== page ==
In the 1980s, NATO ground troops in Europe faced a Warsaw Pact force of overwhelming size. To prepare to blunt a Soviet-led attack and overcome the Warsaw Pact's numerical superiority, NATO adopted a revolutionary new idea. The so-called "AirLand Battle" concept, which originated in the U.S. Army's training command, posited that forward-deployed NATO tanks and missile-armed infantry, supported by jet fighters carrying smart munitions, could beat a larger Warsaw Pact army.
In Europe, the AirLand Battle concept never had a chance to prove itself. But its tenets shaped the U.S. approach to ground warfare in Operation Desert Storm in 1991 as well as in the 2003 invasion of Iraq. Today, the U.S. Navy is hoping to capture some of the AirLand Battle's reforming potential as it scrambles to preserve its dominance of the western Pacific in the face of a rising Chinese military. But the emerging AirSea Battle doctrine risks foundering for a lack of cash and hardware. U.S.-allied governments that could help compensate for America's waning resources might be turned off by AirSea Battle's risky aims and aggressive overtones.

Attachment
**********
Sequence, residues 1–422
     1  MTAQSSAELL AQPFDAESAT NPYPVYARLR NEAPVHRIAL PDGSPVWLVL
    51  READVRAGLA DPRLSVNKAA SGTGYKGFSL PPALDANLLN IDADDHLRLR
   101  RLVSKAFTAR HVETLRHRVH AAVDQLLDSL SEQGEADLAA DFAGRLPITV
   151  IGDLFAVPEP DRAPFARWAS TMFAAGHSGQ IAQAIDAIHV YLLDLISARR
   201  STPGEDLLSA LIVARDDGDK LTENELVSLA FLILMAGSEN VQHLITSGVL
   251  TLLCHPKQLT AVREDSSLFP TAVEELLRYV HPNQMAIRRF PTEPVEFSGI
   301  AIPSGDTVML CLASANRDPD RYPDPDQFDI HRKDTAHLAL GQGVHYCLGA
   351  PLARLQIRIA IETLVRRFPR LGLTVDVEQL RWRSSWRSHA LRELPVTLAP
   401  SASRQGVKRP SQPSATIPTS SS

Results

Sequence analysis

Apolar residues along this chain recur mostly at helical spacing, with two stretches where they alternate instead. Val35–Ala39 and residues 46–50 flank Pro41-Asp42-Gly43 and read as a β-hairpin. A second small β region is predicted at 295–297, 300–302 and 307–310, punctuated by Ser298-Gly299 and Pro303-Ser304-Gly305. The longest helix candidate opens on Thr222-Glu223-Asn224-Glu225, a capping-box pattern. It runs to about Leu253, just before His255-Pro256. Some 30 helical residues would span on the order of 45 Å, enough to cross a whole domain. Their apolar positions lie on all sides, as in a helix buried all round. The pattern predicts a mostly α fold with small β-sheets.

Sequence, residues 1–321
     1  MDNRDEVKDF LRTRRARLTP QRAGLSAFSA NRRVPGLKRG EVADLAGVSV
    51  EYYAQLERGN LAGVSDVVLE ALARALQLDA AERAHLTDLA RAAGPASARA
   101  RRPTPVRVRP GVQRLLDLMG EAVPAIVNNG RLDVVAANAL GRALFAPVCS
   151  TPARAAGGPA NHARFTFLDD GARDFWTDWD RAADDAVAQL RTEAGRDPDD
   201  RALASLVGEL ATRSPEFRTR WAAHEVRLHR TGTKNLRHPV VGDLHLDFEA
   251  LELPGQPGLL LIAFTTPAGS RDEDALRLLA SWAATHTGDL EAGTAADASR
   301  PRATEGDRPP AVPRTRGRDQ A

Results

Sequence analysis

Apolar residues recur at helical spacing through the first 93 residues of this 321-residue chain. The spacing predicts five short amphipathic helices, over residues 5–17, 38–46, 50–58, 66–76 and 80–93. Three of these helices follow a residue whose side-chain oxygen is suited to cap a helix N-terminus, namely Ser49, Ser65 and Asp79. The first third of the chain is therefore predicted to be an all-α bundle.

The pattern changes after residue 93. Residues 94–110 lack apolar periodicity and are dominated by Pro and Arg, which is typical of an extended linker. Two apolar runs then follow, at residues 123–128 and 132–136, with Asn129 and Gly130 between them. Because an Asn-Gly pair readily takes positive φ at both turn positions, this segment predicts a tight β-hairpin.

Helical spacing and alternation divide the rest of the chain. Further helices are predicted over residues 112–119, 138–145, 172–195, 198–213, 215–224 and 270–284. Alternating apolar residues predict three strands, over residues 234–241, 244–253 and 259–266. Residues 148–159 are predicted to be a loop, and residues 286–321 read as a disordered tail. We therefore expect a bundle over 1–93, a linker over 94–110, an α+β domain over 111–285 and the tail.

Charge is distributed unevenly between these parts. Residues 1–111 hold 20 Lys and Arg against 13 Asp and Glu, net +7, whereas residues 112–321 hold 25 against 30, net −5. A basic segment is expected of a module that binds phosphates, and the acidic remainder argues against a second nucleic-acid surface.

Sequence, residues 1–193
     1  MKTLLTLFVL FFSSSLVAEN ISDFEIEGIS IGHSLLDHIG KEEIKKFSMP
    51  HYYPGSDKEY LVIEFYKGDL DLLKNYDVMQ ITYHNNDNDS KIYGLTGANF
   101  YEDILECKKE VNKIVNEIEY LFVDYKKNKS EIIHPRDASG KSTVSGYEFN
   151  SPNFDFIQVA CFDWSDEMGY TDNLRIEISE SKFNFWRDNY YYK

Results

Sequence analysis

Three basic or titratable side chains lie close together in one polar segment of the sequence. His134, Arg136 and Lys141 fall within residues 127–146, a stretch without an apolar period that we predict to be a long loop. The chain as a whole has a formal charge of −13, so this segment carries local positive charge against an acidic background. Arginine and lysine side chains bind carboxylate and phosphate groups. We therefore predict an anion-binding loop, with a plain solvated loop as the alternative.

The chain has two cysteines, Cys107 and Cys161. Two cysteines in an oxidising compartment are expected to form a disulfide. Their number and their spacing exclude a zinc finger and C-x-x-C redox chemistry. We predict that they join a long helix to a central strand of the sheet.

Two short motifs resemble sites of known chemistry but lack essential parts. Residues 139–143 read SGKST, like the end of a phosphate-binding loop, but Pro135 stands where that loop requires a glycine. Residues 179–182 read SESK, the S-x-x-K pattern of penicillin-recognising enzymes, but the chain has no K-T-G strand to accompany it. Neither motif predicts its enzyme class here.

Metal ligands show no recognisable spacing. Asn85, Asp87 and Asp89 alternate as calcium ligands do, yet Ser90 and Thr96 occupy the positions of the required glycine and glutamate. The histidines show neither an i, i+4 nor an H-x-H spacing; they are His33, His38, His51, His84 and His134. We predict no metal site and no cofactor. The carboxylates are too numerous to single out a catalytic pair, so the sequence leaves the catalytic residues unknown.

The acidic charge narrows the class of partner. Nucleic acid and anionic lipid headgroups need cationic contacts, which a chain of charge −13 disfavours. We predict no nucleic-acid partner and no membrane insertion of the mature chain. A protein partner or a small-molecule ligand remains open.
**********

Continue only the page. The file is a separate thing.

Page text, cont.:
AirSea Battle originated in a classified memorandum signed by Gen. Norton Schwartz, Air Force chief of staff, and Chief of Naval Operations Adm. Gary Roughead in September 2009, according to a February report by the Washington-based Center for Strategic and Budgetary Assessments. CSBA maintains strong ties to the U.S. defense establishment and the Navy in particular. Former CSBA analyst Robert Work now serves as Navy under secretary.